X-Message-Number: 25591
Date: Thu, 20 Jan 2005 10:49:36 -0500
From: Robin Helweg-Larsen <>
Subject: Duplicates paradox - amoebas and bees
References: <>

Regarding the duplicates paradox, I wonder if this seems particularly 
paradoxical to humans because we think of ourselves as being so clearly 

If we reproduced by fission like amoebas I suspect we would think 
differently about the individual/continuity issue.

Another area that interests me is that of the bee hive.  According to my 
memories of Maurice Maeterlinck's century-old book, "The Life of the 
Bee", which I read a couple of years ago, the hive operates in some ways 
as a single mind.  Faced with ingenious human-devised difficulties, bees 
devise a practical or engineering solution which can be shown to be 
beyond the ability of any individual bee to conceptualize, let alone to 
create.  The hive itself appears to be a mind which can think and make 
decisions at an animal level, a mind made up of the processing units of 
the individual bees, just as a human mind is made of individual cells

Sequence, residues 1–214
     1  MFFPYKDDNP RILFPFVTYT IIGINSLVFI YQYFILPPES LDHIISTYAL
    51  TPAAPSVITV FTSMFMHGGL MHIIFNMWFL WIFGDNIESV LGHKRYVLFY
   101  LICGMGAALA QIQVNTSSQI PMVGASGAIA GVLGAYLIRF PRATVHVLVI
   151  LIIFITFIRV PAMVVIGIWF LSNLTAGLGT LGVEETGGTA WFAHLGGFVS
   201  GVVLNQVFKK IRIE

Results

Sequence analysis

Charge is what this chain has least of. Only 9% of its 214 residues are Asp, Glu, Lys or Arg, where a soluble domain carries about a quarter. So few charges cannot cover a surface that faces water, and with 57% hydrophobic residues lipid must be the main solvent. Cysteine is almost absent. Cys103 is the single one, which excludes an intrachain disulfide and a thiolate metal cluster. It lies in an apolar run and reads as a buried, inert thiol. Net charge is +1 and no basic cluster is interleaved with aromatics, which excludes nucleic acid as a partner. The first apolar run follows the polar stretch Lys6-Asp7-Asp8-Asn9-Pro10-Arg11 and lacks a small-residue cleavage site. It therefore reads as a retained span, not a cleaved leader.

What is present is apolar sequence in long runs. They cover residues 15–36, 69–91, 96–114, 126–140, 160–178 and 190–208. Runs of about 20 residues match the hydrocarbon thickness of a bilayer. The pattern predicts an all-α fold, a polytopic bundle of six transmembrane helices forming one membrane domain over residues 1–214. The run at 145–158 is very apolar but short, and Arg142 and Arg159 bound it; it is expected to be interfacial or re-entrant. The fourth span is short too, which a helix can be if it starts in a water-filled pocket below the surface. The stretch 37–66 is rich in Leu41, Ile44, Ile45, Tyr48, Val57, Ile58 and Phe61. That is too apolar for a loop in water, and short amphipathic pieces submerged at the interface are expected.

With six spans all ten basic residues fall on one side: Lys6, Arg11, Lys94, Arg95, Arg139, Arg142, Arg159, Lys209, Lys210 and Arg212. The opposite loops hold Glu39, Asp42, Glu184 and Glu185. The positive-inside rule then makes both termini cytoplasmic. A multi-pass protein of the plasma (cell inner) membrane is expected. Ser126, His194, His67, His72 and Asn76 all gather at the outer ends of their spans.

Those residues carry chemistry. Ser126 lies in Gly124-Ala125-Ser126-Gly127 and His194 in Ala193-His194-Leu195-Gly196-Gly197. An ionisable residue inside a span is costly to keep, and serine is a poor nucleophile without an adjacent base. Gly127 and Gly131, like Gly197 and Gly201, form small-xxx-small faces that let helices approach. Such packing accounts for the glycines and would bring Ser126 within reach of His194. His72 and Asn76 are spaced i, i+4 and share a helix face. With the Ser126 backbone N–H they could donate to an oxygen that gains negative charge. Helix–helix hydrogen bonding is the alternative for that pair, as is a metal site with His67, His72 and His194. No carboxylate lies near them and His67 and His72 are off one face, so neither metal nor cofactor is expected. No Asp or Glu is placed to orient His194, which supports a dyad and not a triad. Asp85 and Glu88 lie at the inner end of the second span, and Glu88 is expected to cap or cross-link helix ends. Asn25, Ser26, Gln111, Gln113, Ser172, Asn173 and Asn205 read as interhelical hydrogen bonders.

which can communicate with each other, but no one of which is 'the 
mind'.  Particularly interesting is what happens when a swarm occurs, 
and the mind divides in two. I strongly recommend the book to anyone who 
hasn't read it, as a meditation on the mind if nothing else.  (You can 
find the text on line, Google: Maeterlinck bee.)

And if anyone can point me to recent scientific studies of the bee, I 
would be grateful.  (One limitation to Maeterlinck's work is that he 
knew the bees were communicating, but not how.  The use of the dance for 
communication had not yet been identified.)

Robin HL

Robin Helweg-Larsen
Andromeda Training, Inc.

t:   1.919.933.6555
f:   1.919.933.1968

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